What do improvisation and science communication have in common? Just ask 20 graduate students and postdocs who recently participated in the Graduate School’s day-long science communication workshop, which included everything from improv exercises by ARTS NC State’s Amy Sawyers to media relations training from NC State News Services.
At universities and other places where scientists work there is a growing interest in how to communicate science to general audiences. Dr. Meagan Kittle Autry of the Graduate School, who organized the workshop, and Dr. Meredith Welch-Devine, University of Georgia, a guest presenter, have both participated in Stony Brook University’s Alan Alda Center for Communicating Science Summer Institute.
“There has never been a greater need for scientists and engineers to be effective communicators,” Kittle Autry said. “Our participants had the opportunity to work on some of the most critical employability skills they need in their careers.”
The goal of the four-day Alda Institute is to help scientists communicate more effectively with the public, using Alan Alda’s training program that includes improvisational exercises and message distilling to help scientists improve their connection with audiences, their listening skills and their ability to read non-verbal cues.
Welch-Devine opened the workshop by getting the students to consider their audience when crafting a message about their scientific research. She encouraged students to distill their message to its essence, make it clear, hook their audience and reel them in. She also talked about how to use social media to communicate science and reach news media.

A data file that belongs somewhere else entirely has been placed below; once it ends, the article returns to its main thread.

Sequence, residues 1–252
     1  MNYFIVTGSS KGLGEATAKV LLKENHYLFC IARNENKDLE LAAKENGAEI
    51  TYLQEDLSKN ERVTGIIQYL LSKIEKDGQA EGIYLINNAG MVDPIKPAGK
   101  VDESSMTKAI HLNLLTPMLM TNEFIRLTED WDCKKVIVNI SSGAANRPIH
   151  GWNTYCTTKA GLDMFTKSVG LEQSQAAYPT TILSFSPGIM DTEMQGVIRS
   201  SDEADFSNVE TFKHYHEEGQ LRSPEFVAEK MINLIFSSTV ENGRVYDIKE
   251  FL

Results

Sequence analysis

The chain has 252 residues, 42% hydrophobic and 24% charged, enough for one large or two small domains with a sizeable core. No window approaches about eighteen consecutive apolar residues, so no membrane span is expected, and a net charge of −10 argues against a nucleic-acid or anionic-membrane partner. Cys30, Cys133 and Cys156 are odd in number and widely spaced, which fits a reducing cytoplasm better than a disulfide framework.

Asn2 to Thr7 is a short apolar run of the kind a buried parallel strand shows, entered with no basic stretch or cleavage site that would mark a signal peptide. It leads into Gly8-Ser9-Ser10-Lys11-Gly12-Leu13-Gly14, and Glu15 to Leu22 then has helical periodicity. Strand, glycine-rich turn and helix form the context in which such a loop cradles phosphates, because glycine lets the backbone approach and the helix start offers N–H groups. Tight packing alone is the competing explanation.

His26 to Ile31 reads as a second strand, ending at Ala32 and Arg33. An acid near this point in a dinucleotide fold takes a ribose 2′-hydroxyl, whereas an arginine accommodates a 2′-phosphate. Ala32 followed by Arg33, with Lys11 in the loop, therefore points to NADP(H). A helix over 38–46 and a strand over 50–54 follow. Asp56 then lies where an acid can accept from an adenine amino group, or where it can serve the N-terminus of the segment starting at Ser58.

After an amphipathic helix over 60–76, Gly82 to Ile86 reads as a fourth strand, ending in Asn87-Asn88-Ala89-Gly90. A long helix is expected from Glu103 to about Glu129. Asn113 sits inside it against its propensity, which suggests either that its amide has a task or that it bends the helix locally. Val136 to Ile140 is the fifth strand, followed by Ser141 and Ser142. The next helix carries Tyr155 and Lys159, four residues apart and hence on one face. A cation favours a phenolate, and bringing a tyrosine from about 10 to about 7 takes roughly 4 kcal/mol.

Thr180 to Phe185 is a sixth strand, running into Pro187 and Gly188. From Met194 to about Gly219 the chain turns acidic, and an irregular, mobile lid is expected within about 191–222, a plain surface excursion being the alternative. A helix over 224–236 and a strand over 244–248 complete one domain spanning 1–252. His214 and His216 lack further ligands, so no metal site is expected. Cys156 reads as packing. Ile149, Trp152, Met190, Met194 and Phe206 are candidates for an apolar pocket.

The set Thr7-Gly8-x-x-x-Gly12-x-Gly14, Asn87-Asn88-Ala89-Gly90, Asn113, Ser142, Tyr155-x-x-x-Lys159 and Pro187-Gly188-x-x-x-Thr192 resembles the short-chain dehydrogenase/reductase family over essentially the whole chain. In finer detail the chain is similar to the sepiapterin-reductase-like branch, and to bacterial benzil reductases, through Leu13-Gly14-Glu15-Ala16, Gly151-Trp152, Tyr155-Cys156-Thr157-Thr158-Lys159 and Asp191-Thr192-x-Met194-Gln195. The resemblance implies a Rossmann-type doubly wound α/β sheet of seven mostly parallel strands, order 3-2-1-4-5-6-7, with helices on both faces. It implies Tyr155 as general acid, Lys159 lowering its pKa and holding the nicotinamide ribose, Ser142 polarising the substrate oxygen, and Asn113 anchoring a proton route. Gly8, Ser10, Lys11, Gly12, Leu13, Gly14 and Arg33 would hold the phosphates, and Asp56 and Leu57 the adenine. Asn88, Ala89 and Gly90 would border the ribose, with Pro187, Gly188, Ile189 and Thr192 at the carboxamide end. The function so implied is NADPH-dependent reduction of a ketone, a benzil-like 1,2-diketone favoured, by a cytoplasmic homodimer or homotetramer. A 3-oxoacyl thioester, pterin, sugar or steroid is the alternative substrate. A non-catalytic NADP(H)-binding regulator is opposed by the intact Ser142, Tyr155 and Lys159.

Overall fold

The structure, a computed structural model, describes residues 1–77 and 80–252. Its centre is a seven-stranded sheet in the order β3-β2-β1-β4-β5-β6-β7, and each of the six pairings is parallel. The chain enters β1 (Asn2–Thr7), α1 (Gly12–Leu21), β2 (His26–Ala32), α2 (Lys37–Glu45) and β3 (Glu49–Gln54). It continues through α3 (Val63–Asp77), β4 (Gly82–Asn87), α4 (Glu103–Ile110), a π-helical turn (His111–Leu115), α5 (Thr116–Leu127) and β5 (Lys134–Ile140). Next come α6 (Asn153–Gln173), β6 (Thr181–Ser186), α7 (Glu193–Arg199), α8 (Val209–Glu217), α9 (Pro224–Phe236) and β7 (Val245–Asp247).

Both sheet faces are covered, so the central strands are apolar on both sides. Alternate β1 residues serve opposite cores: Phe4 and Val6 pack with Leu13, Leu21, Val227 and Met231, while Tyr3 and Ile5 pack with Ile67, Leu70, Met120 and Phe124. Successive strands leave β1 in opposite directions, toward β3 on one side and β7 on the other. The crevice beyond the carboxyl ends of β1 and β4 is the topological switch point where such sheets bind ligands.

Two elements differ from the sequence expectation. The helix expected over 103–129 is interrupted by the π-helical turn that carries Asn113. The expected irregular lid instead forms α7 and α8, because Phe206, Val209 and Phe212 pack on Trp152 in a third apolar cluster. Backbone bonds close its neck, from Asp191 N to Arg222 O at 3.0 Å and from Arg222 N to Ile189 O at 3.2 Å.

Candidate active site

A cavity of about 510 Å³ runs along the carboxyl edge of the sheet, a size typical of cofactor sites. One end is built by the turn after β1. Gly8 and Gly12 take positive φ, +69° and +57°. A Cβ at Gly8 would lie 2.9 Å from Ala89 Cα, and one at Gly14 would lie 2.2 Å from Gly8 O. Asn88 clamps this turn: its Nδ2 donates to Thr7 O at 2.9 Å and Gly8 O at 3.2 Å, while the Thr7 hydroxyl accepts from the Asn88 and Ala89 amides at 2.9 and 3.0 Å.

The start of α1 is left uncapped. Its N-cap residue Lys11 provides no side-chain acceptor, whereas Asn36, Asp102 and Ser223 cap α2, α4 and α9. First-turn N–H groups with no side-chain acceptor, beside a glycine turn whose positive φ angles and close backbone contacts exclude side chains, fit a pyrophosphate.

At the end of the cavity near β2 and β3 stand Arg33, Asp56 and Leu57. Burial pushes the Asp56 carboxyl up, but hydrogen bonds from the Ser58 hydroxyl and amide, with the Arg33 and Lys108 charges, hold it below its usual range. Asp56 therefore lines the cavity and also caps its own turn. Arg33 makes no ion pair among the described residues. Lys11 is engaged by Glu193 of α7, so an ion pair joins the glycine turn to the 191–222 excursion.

Student groups had the opportunity to apply these concepts by working with a faculty member on sharing their research with a general audience and another audience chosen at random. Over lunch, Dr. Clint Penick, a postdoctoral scholar with NC State’s Your Wild Life team, talked about his experience promoting his research on ants and bees with news media. Recently, Penick’s research on what urban bees like to eat was shared widely by news media.
Amy Sawyers of ARTS NC State led the students in improv exercises, designed to get students to approach familiar things in a new way and to step outside their comfort zone. She had them use three objects – coat hanger, chair and plastic cup – in ways they were not normally used. In another exercise, students had to greet each other, then continue a brief, impromptu conversation. One participant saw the clear value of improv for communication, remarking: “I think that if more scientists were to participate in such activities, they would be able to connect with their audiences on a level that is more conducive to effective communication of complex ideas.”
Mick Kulikowski and D’Lyn Ford of University News Services talked to students about how to approach an interview with news media. Students were surprised to learn that the university’s news writers are interested in talking with graduate students about their research.
Other news articles articles about Clint Penick’s research: